Short review of “Let’s Get Lost,” by Adi Alsaid BEA Snippet

Amazon/Barnes and Nobles/Books-A-Million/Goodreads  

I was struck with a bit of disappointment, once I realized that Let’s Get Lost was a much more substantial work than the ninety page novella, which I thought it was (judging by the size of the BookExpo America snippet I received). Now, this is not a point of criticism, in any way;rather, I am dismayed that the ninety page point, kind like like the precipice-esque sidewalk of a Shel Silverstein poem, leaves with a gaping void of a book that now you must wait to read the rest of.

Pretty much, I did get lost completely in the mesmerizing tale that Adi Alsaid does an excellent job constructing, and really capturing your full, unwavering attention from the first five minutes. The book begins in modest settings, a car garage to be exact, with a rather inconspicuous, teenage mechanic, who has large ambitious dreams of someday having his own car garage of sorts to do the same type of mind-enhancing, tactile work that he finds fixing cars to be, and this type of physical labor is often easier than dealing with the types of romantic ordeals, which can easily flummox any male or female in their teen years especially when romance is proverbially in the air.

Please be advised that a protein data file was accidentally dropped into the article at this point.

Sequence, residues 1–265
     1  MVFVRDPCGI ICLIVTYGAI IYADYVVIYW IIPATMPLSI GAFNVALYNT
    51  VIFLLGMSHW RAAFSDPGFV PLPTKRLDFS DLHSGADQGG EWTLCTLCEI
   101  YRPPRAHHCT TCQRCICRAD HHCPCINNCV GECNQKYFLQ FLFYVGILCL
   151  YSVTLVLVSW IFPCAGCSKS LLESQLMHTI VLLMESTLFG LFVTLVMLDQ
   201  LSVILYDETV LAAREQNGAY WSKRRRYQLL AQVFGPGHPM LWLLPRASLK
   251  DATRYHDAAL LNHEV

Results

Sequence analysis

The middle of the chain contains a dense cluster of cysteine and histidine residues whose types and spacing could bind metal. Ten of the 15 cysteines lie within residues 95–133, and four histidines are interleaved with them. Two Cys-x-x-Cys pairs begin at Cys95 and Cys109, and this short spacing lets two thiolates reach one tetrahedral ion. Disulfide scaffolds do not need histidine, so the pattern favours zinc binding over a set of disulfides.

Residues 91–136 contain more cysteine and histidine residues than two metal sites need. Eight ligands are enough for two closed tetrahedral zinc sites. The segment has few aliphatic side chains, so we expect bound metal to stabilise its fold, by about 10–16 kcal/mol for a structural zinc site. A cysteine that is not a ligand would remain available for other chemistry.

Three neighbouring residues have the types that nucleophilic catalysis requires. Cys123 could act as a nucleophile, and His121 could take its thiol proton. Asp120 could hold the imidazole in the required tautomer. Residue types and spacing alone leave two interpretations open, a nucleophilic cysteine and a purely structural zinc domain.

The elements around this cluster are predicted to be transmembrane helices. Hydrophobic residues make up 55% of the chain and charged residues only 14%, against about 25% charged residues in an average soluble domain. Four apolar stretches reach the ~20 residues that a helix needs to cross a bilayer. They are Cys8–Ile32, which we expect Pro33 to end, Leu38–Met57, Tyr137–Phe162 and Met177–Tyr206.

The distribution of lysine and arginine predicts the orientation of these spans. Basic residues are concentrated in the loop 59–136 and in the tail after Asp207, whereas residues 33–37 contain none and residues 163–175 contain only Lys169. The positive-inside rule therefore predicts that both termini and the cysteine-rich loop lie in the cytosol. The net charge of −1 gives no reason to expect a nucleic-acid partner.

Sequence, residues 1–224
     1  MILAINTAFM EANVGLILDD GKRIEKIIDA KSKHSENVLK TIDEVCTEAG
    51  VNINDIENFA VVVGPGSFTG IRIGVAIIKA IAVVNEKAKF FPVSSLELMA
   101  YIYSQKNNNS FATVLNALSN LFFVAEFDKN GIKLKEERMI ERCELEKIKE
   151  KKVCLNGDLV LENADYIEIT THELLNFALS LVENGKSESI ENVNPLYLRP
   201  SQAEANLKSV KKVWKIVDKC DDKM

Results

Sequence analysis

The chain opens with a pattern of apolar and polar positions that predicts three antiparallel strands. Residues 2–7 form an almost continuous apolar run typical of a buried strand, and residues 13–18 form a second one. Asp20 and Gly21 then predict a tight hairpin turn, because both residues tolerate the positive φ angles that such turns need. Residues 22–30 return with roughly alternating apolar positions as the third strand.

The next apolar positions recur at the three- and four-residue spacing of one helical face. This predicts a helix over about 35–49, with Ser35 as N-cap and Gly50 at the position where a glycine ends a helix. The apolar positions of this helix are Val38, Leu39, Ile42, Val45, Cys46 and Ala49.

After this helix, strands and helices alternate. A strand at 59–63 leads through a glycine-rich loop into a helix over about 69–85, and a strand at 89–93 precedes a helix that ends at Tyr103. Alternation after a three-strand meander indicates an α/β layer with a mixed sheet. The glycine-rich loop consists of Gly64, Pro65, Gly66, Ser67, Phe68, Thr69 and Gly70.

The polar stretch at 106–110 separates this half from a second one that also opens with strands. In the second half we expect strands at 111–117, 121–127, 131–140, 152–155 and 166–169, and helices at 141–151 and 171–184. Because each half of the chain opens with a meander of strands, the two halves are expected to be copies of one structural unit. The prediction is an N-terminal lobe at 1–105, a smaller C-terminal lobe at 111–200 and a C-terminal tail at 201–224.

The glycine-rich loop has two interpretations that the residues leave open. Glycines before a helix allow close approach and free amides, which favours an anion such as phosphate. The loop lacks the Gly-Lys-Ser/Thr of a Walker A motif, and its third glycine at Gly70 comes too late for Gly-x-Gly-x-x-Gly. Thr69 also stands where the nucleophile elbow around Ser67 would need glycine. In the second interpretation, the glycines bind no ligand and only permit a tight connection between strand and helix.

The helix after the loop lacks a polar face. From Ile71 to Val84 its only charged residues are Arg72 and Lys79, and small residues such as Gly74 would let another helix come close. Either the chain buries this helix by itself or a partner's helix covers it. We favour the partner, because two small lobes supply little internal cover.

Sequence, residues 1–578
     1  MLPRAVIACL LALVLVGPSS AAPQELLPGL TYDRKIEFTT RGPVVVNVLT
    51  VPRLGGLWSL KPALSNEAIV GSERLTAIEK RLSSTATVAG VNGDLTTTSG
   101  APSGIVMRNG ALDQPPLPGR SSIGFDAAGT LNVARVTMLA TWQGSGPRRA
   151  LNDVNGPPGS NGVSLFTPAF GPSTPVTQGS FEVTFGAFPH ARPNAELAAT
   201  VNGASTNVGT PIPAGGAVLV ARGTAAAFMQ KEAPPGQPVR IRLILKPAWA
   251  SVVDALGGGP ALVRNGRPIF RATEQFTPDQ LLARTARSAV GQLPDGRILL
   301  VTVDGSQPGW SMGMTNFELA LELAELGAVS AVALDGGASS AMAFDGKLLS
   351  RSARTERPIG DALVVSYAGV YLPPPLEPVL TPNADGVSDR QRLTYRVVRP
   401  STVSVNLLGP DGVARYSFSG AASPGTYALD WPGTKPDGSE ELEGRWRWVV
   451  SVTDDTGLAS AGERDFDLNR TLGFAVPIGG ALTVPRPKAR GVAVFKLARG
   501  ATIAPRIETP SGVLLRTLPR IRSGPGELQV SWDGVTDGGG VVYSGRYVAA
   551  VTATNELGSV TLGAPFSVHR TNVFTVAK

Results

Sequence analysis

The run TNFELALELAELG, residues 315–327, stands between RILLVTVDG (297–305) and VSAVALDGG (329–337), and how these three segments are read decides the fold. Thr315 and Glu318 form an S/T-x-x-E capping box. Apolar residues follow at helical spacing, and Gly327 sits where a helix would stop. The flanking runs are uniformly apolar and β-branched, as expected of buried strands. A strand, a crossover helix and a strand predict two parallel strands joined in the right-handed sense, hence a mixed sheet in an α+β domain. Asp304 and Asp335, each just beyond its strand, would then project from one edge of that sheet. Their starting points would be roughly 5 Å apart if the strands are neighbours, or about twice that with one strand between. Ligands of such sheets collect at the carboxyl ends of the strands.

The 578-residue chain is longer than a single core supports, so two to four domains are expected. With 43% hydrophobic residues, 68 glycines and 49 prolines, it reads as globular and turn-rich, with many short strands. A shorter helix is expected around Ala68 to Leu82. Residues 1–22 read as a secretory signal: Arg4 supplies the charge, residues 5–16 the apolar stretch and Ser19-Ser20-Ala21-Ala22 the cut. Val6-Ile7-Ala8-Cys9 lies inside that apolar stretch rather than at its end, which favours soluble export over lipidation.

And by pure happenstance, romance does come bounding its way into our protagonist’s life, in the form of a fascinating, subtly smart girl, who seeks out our main character’s mechanical expertise to help mend her car. From their first predictably stilted conversation, a well-developed, very believable romance begins to develop right before the reader’s eyes. Adi does an excellent job capturing every awkward break in the conversations and the inevitable language gaffes of the speech impediments of those esnared by cupid’s arrow. There is no false, pretentious language, used for the teen characters in this novel, further accentuating the naturalness of the language and the rawness of the emotions that Adi expertly develops, as these characters and other get lost in a aimless, though strangely purposeful road trip adventure of sorts that sorta up sums up the teen experience of new-found love in very vivid, creative ways.

Now, if only the copy that I had was not just a ninety page preview, but I will get a full copy someday, and provide you, hopefully, with a far more expanded review. For now, you are left with my impressions- very positive impressions- of a well-written Young-adult romance/drama novel, which I feel anyone that enjoys light, though engrossing YA fiction will greatly enjoy!

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